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Fact stipulations speed up the trial process by eliminating the need for proving essentially uncontested facts, which helps preserve precious judicial resources. So, obviously, stipulations are valued by litigants and judges alike, and once freely-made they bind the parties, the trial court, and the appellate court too.
Paloma Rodríguez hit a pothole — a collision that cost her two tires and killed the engine. Turning her hazards on, Rodríguez somehow got her car to the side of the road, completely out of the way of oncoming traffic. A police officer patrolling that stretch of highway spotted her and pulled over. He left the cruiser's flashing lights on. A tow-truck driver also showed up, parked his truck in front of Rodríguez's car, activated the truck's flashing lights, pointed a spotlight on the work area, and put out cones to caution drivers passing by. As the truck driver lowered the truck's platform, Rodríguez got back into the Mazda either to grab some personal items or to do something to help out with the towing process.
That is when Carlos Estrada closed in, speeding in a Mitsubishi Mirage registered to Señor Frog. His headlights were off. He had a blood-alcohol level nearly double the legal limit in Puerto Rico. And he smashed that Mitsubishi right into the rear of Rodríguez's Mazda. Rodríguez was hurt, and apparently hurt badly. "She was thrown inside the vehicle," the officer later said. Covered in blood, she had no vital signs — "she appeared to be dead." But she survived and sued Señor Frog in district court under diversity jurisdiction, alleging negligence and negligent entrustment. In a diversity-based personal-injury case, a jury returned a $450,000 verdict for Rodriguez against Señor Frog in the U.S. District Court for the District of Puerto Rico. Señor Frog appealed, challenging nearly every aspect of the district judge's performance. Señor Frog criticized an in limine ruling barring evidence that Estrada had owned the car and that Rodriguez had downed a couple of beers hours before the crash.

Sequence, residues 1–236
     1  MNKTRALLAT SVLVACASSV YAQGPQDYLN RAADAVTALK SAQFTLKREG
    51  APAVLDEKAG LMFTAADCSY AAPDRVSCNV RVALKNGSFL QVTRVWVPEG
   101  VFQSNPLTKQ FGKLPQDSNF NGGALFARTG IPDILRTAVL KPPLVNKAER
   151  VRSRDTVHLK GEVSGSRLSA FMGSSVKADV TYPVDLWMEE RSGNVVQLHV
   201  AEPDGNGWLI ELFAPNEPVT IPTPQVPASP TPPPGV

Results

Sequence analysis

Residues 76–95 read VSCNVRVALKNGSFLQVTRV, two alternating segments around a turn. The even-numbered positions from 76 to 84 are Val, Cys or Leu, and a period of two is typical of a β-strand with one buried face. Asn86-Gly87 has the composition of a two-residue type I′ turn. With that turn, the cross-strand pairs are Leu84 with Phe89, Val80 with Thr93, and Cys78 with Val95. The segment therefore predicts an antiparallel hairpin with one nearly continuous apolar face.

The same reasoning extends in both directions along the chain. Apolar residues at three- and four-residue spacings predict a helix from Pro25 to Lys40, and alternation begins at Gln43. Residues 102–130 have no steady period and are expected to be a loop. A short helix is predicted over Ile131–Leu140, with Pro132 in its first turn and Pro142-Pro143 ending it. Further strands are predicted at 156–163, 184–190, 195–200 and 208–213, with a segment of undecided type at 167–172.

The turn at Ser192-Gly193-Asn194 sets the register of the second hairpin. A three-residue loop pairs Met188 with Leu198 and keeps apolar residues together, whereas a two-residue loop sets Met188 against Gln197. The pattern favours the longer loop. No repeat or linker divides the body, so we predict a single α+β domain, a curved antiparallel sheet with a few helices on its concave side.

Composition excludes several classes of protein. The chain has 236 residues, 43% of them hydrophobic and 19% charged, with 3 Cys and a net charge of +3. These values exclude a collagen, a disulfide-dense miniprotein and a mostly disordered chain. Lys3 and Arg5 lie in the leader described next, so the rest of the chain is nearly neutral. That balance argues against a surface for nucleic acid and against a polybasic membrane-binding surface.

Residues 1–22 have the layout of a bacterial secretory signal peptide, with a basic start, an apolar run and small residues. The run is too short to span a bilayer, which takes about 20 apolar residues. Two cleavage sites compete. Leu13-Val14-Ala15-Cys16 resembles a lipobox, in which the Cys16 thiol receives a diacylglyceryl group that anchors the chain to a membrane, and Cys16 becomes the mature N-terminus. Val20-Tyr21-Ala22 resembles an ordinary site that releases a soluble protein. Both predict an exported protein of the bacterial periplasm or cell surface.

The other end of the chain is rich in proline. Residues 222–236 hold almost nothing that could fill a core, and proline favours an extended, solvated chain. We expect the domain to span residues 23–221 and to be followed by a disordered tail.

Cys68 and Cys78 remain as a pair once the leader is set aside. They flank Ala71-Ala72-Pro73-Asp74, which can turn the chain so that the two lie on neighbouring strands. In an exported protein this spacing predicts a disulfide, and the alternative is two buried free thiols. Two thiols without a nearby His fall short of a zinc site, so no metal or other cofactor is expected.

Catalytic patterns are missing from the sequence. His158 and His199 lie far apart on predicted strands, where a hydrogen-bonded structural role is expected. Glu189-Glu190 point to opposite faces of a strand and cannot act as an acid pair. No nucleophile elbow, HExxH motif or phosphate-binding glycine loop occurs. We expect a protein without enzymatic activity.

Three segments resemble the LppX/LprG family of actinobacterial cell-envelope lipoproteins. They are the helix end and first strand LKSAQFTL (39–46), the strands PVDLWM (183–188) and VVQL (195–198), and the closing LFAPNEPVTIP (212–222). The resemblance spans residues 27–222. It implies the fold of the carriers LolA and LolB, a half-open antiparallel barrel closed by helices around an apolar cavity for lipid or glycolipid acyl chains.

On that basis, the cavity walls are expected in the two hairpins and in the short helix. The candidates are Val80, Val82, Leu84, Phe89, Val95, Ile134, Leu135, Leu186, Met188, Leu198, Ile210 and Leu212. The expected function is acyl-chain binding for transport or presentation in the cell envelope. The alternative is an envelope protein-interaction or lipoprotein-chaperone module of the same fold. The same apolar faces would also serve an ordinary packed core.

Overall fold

Did the judge err in his in limine ruling barring evidence that Estrada had owned the Mitsubishi and that Rodríguez had downed a couple of beers hours before the crash?
The court held that Señor Frog had stipulated that it owned the car at the time of the collision. The proffered evidence concerning Rodriguez’ beer drinking depended on a chain of inferences far too strained and uncertain to have much probative worth, and certainly not enough to counterbalance its high potential for unfair prejudice. Because Señor Frog failed to provide the appellate court with a transcript of the instructions that were read to the jury, it could not prevail on its claim that a comparative-negligence instruction should have been given. Even so, there was no evidence supporting such an instruction. Similarly, because Señor Frog had not presented a transcript of the judge's final charge, it lost its claim based on the motorist's counsel's comments on damages.